“What’s down there is so fascinating, I never get bored of learning about it”

Leigh Howarth

The oceans are incredibly complex and feed into our lives in so many different ways. They suck up carbon dioxide from the atmosphere, and are integral to the Earth’s climate. I always thought climate change was something in the future, but it’s happening right now.

People all around the planet are feeling these changes. In sea levels, in acidification, it’s affecting the scallops they like to fish. For me the ocean offers a sense of adventure and wonderment – but for millions and millions of people it provides food. And it’s also their source of income. It keeps them alive. The oceans require protection to make sure they can keep providing these services for us well into the future.

Khadjou Sambe – Professional surfer, Senegal

The ocean is like my family and the waves are my best friends. The sea is so amazing and important, you have to take care of it, like family.

I started surfing because I love the sea. I would go kayaking and always saw lots of people surfing: black boys, white boys, white girls, but I never saw a black woman surfing. Where were the black women? In my mind I told myself: Khadjou, you have something to do. So I started surfing.

“I love it when you see a sea lion try and take a wave too”

Khadjou Sambe

I’m the only girl in my family who surfs, and now I represent my country, Senegal. I also teach other girls how to surf and I tell them, it’s not just for boys, everyone can do it. I’m fighting for that and the girls I teach feel more free and independent. I explain to them – you have to do what you want to do, no matter what other people say or think.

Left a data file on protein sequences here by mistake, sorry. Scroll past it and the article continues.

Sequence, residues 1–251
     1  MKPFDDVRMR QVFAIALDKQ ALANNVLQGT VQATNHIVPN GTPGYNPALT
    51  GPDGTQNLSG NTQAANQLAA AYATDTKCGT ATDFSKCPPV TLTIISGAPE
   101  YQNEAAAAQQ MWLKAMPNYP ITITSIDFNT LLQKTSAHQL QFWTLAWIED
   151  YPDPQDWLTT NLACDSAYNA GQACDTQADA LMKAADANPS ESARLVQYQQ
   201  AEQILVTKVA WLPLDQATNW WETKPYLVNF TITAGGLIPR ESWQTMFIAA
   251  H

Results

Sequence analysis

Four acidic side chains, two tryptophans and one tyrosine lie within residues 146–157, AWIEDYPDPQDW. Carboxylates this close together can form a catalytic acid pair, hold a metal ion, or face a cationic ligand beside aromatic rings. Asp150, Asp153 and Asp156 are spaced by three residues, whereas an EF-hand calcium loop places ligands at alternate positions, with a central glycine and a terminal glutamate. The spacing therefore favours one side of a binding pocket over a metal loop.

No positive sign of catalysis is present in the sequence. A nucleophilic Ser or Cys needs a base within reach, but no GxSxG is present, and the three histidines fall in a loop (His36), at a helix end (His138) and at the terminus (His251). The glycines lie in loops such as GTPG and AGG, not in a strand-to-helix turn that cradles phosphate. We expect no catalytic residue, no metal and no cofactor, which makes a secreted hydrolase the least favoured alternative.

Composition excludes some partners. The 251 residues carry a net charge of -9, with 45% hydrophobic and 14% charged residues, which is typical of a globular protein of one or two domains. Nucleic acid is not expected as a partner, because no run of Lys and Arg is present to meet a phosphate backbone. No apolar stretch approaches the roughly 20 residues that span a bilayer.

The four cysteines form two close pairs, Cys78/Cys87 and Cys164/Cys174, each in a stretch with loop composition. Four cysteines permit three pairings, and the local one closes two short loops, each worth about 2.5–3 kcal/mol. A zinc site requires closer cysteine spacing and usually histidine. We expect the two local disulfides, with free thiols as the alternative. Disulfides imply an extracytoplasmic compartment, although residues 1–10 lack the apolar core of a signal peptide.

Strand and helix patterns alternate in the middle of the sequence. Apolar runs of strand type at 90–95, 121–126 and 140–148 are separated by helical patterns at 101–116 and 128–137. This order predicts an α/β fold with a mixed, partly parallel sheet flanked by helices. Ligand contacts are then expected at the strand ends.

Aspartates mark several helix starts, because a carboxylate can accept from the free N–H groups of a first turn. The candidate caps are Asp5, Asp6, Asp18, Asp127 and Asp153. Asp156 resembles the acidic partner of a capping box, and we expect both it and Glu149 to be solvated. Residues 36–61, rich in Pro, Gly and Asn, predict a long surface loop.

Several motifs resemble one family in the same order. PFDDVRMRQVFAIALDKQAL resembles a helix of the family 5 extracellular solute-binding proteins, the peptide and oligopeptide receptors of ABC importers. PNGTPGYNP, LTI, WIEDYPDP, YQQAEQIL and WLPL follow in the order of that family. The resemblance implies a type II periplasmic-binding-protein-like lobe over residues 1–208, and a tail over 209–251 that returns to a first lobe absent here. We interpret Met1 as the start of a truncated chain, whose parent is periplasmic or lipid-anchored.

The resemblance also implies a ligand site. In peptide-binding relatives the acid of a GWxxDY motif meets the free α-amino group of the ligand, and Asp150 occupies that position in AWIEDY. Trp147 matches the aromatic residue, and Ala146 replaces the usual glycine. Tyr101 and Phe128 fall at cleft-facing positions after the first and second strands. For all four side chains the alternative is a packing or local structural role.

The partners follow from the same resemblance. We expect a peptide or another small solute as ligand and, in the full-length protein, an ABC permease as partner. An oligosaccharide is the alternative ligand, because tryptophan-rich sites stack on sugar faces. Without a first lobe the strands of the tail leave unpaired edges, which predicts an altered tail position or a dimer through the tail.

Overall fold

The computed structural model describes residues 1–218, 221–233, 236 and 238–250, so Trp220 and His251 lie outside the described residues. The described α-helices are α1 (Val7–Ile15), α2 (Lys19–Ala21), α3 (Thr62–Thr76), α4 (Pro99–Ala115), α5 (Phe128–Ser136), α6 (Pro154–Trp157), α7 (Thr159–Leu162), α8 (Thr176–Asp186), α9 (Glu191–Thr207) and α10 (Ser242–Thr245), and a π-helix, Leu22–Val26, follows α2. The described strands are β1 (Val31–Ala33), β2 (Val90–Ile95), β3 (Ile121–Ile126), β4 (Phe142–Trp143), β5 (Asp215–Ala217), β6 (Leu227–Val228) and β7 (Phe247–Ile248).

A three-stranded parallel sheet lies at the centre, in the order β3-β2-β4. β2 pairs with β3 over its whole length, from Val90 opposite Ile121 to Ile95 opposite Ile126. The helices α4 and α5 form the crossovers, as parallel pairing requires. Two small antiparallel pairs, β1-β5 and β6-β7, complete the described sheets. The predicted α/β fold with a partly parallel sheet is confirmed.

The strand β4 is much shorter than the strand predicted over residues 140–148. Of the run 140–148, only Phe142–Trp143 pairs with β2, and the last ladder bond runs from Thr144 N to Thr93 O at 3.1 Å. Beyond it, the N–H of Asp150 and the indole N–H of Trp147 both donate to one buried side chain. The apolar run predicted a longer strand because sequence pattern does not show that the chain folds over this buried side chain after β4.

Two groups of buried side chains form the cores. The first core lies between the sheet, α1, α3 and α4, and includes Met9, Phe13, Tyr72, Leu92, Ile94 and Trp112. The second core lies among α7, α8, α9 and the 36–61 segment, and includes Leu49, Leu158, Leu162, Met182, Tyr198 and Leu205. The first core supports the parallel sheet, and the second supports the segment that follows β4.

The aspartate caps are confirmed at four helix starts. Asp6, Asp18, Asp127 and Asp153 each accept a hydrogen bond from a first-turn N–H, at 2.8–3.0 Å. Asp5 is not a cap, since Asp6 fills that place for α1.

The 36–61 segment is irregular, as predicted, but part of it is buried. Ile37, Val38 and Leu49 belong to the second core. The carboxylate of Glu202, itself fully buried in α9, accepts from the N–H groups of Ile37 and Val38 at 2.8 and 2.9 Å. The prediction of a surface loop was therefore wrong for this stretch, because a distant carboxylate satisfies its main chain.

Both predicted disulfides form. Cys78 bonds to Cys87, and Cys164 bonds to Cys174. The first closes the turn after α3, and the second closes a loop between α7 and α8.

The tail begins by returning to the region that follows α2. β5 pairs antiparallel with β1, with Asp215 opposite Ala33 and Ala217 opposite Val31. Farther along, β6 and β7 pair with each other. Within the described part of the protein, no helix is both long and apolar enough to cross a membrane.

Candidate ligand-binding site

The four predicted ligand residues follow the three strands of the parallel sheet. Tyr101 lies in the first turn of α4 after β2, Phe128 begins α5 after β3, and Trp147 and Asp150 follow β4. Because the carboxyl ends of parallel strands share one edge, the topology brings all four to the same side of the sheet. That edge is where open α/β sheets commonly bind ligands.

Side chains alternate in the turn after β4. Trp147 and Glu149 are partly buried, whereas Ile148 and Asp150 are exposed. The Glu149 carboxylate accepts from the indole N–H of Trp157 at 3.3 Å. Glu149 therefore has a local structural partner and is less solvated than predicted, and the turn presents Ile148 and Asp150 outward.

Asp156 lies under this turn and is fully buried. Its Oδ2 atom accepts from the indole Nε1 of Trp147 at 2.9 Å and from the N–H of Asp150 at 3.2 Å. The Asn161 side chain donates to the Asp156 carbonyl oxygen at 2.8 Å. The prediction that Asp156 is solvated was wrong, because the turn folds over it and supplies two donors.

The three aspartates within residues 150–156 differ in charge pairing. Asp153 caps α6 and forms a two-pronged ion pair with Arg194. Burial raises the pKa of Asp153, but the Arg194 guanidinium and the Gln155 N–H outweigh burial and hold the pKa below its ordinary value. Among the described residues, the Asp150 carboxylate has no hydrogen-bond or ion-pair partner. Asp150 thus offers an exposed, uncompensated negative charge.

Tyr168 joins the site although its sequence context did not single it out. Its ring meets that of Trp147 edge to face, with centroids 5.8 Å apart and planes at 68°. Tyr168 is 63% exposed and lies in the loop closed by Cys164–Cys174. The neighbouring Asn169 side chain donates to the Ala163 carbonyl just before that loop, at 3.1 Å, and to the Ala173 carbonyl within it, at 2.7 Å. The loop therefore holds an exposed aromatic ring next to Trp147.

When I’m in the water I feel so happy. I forget everything else. It always makes me feel good to see other animals in the water. When I’m surfing here in Senegal, I see fish or turtles. And when I’m training in the US, I see dolphins, whales and sea lions. We don’t get those here. I love it when you take a wave and then you see a sea lion try and take a wave too.

If you’re surfing and it’s dirty, you don’t want to be in the water, so I’m always looking to see if people aren’t throwing things in the water. Every time I see some trash in the water I take it out. There’s not a lot in the water where I surf, but on the beach you sometimes see a lot of plastic. 

I’ve just started training for the 2024 Olympics, inshallah!

Petur Vollanum – Ferry captain, Faroe Islands

Growing up on the Faroe Islands and living so close to the sea, it’s very normal to have a career on the ocean. I started as a fisherman when I was 16, then I worked as a skipper on a trawler and as a captain, I’ve been sailing the world’s oceans for 18 years. I like the freedom, the fresh air and the power of the sea.